Scientists have finally succeeded in attaching trackers to murder hornets

Back in October 2020, it was reported that the Washington State Department of Agriculture had attempted to glue a tracking device to the head of an Asian giant hornet, colloquially known as the "murder hornet." The goal was to let the invasive bug lead them back to its nest, in hopes that they could eradicate the beasts right at the source.

Unfortunately, it failed. Then they caught another one, and tried again, but that also failed.

Luckily, the third time's the charm. As the Bellingham Herald recently reported:

The state agriculture staff netted, tagged with a tracker and released three of hornets Aug. 11, to Tuesday, Aug. 17, according to a news release from the Washington State Department of Agriculture. One of the so-called "murder hornets" slipped out of the tracking device, another hornet was never located and one eventually led the team to the nest.

The Washington agency, along with the Oregon Department of Agriculture and the USDA's Animal Plant Health Inspection Service narrowed the search area by Tuesday but was unable to access the location until Thursday.

The search began at 7:30 a.m. Thursday and the teams spotted the nest about 9:15 a.m.

If you're still struggling to wrap your head around the size of these things, just think of it this way: they're big enough that you can strap a tracker to their heads and they can still fly.

Anyway, that first Asian Giant Hornet nest was destroyed on August 26, 2021. According to a press release from the state agricultural department, it was quite a substantial nest:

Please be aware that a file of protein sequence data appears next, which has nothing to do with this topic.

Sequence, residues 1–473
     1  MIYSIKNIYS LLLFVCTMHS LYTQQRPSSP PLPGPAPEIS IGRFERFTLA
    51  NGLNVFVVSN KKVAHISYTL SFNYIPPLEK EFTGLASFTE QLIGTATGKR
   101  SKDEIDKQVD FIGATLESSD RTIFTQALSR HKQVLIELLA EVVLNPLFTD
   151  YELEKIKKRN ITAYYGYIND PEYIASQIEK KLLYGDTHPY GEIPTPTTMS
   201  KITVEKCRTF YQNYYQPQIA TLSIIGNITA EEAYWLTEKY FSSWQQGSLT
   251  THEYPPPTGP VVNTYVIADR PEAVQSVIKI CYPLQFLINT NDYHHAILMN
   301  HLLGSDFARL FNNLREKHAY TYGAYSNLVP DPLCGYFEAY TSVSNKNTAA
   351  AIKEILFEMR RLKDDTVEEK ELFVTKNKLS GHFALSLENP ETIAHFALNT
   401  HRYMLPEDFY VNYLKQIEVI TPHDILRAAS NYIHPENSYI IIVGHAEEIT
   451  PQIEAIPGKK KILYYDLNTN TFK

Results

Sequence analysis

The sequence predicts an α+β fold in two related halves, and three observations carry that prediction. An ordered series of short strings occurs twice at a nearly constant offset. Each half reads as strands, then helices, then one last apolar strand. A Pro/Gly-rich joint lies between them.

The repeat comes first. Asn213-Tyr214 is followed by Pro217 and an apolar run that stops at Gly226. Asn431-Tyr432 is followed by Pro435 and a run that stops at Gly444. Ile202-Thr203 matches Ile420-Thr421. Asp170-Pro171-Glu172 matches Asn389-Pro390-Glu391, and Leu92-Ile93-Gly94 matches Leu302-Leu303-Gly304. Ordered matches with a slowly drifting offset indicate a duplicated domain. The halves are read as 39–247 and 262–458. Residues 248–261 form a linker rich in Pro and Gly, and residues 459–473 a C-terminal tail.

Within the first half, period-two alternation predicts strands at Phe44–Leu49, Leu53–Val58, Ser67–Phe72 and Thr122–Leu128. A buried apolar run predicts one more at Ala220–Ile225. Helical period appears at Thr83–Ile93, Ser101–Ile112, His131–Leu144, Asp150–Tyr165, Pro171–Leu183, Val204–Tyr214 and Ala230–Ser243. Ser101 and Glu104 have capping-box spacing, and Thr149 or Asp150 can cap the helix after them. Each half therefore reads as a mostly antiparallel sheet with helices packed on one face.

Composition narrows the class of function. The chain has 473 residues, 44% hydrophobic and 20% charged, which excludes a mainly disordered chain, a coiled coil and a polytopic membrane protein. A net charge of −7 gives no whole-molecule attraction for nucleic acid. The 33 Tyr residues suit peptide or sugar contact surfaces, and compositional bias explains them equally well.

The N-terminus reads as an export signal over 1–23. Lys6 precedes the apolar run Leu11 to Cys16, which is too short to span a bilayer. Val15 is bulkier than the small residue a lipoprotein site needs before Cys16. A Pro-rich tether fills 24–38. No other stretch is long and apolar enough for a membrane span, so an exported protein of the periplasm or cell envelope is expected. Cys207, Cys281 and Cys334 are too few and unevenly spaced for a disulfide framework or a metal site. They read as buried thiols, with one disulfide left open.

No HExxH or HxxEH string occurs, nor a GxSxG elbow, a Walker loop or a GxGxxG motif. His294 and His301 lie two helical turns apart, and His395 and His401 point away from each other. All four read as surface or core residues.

WSDA staff began Wednesday's eradication by vacuuming 113 worker hornets from the nest. Once the worker hornets were removed, the team began removing bark and decayed wood near the base of an alder tree at the entrance to the nest. Removing the wood revealed that the hornets had excavated the interior of the tree to make room for the nest, which consisted of nine layers of comb.

The portion of the tree with the nest was cut and transported to Washington State University Extension in Bellingham for further analysis. In addition to the worker hornets vacuumed from the tree, WSDA staff caught 67 additional hornets in the area with nets during the eradication. The nest itself had nearly 1,500 hornets in various stages of development.

Netted and tagged with a tracker this so-called 'murder hornet' led the state to its nest [Julie Shirley / Bellingham Herald]

State eradicates first Asian Giant Hornet nest of 2021, asks public to continue reporting [Washington State Department of Agriculture]

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